Center tackles pathological gambling


Across my desk last week came the 2001 annual report of the National Center for Responsible Gaming. The report summarized the organization's activities last year toward promoting research and education on gambling-related disorders. An examination of this document reveals, once again, the continued commitment of both Indian casinos and the entire gaming industry to study compulsive gambling behavior and treat those afflicted with it.

Founded in 1996, NCRG is a non-profit group whose self-described mission is to "address pathological and youth gambling through research and public education." The group, based in Kansas City, Mo., has taken on a leading role in the still-emerging science of studying the behavior of pathological gamblers from a psychological and medical perspective.

Indeed, it was not until a 1997 study, funded by NCRG and undertaken by Harvard Medical School, that the prevalence of pathological gaming behavior, found to be exhibited by 1.1 percent of the population, was reliably estimated. None other than the National Academy of Sciences lauded this landmark study as the "best current estimates of pathological and problem gambling among the general U.S. population."

NCRG "boasts the largest number of funded grants devoted to gambling research of any organization, including the National Institute of Health," said Dr. Linda B. Cottler, professor of epidemiology [the study of cause, distribution and control of disease in populations] at the Washington University School of Medicine in St. Louis. "The NCRG should be commended for stepping up and taking responsibility for a large research effort that is unparalleled in any field in science today."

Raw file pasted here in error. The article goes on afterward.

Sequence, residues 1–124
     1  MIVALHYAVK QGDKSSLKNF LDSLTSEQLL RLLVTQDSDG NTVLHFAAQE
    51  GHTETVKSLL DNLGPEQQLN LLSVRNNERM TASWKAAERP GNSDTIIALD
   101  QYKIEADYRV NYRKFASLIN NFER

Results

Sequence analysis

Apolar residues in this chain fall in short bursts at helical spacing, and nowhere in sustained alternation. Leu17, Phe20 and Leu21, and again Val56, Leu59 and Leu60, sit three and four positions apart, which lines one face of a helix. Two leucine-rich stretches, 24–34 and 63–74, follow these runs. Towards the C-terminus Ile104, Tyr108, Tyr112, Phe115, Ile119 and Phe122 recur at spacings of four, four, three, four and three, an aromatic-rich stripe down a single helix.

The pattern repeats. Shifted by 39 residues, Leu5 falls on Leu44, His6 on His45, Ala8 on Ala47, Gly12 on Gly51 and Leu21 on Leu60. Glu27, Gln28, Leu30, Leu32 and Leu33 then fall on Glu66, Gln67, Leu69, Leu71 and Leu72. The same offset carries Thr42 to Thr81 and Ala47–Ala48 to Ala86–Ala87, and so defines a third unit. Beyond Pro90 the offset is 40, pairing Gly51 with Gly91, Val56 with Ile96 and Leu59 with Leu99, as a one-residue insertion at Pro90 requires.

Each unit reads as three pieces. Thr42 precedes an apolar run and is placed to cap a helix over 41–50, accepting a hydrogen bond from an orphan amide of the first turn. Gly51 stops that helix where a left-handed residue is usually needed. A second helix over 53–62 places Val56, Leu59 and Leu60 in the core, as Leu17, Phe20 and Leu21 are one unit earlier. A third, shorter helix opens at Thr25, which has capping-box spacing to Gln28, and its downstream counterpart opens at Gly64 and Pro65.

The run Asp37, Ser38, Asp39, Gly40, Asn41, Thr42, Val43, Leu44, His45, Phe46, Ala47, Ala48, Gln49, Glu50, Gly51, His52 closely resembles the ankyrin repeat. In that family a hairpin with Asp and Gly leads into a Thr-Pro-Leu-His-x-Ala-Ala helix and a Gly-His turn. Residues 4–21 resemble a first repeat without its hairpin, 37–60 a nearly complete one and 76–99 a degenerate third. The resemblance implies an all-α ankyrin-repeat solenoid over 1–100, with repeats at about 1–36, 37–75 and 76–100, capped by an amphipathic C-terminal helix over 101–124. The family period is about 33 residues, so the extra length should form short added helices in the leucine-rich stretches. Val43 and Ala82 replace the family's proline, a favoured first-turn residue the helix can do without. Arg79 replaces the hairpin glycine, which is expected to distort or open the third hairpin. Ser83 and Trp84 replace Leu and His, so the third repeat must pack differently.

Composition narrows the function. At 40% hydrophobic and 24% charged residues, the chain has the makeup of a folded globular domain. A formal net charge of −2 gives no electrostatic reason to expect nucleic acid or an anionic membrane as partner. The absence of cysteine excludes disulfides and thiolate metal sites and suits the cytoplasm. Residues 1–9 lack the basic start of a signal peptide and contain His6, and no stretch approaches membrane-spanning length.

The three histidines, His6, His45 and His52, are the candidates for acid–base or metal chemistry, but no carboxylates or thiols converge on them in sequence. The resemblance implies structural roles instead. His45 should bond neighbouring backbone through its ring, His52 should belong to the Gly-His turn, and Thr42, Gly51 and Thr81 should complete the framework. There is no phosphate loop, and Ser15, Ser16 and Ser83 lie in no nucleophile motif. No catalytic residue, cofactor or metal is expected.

NRCG's bylaws stipulate that at least 50 percent of its directorship must come from outside the gaming industry. Indeed, the group's board is comprised of university-based researchers from the U.S. and Canada, legal and behavioral specialists and regulatory officials, in addition to representatives of several gaming equipment and casino operating companies. Phillip Martin, Chief of the Mississippi Band of Choctaw Indians, represents the Indian gaming sector on the board.

Donors to NCRG from Indian country include the Mississippi Choctaws, Pueblo of Acoma, the Mohegan Tribe, the Mashantucket Pequots and the Pueblo of Sandia.

One of NCRG's primary functions has been to fund studies at the Institute for Research on Pathological Gambling and Related Disorders, located at Harvard Medical School in Cambridge, Mass. Among several projects tackled in 2001, the Institute worked with Harvard's college alcohol study to investigate the gambling patterns and preferences of college students across the country. Data from this survey will be analyzed this year.

NCRG also collaborated with the Massachusetts Council on Compulsive Gambling to develop an intervention guidebook for problem gamblers "unlikely or unable to get professional treatment," and initiated a real-time study of compulsive gambling urges, in which participants record such compulsions as they happen rather than in retrospect.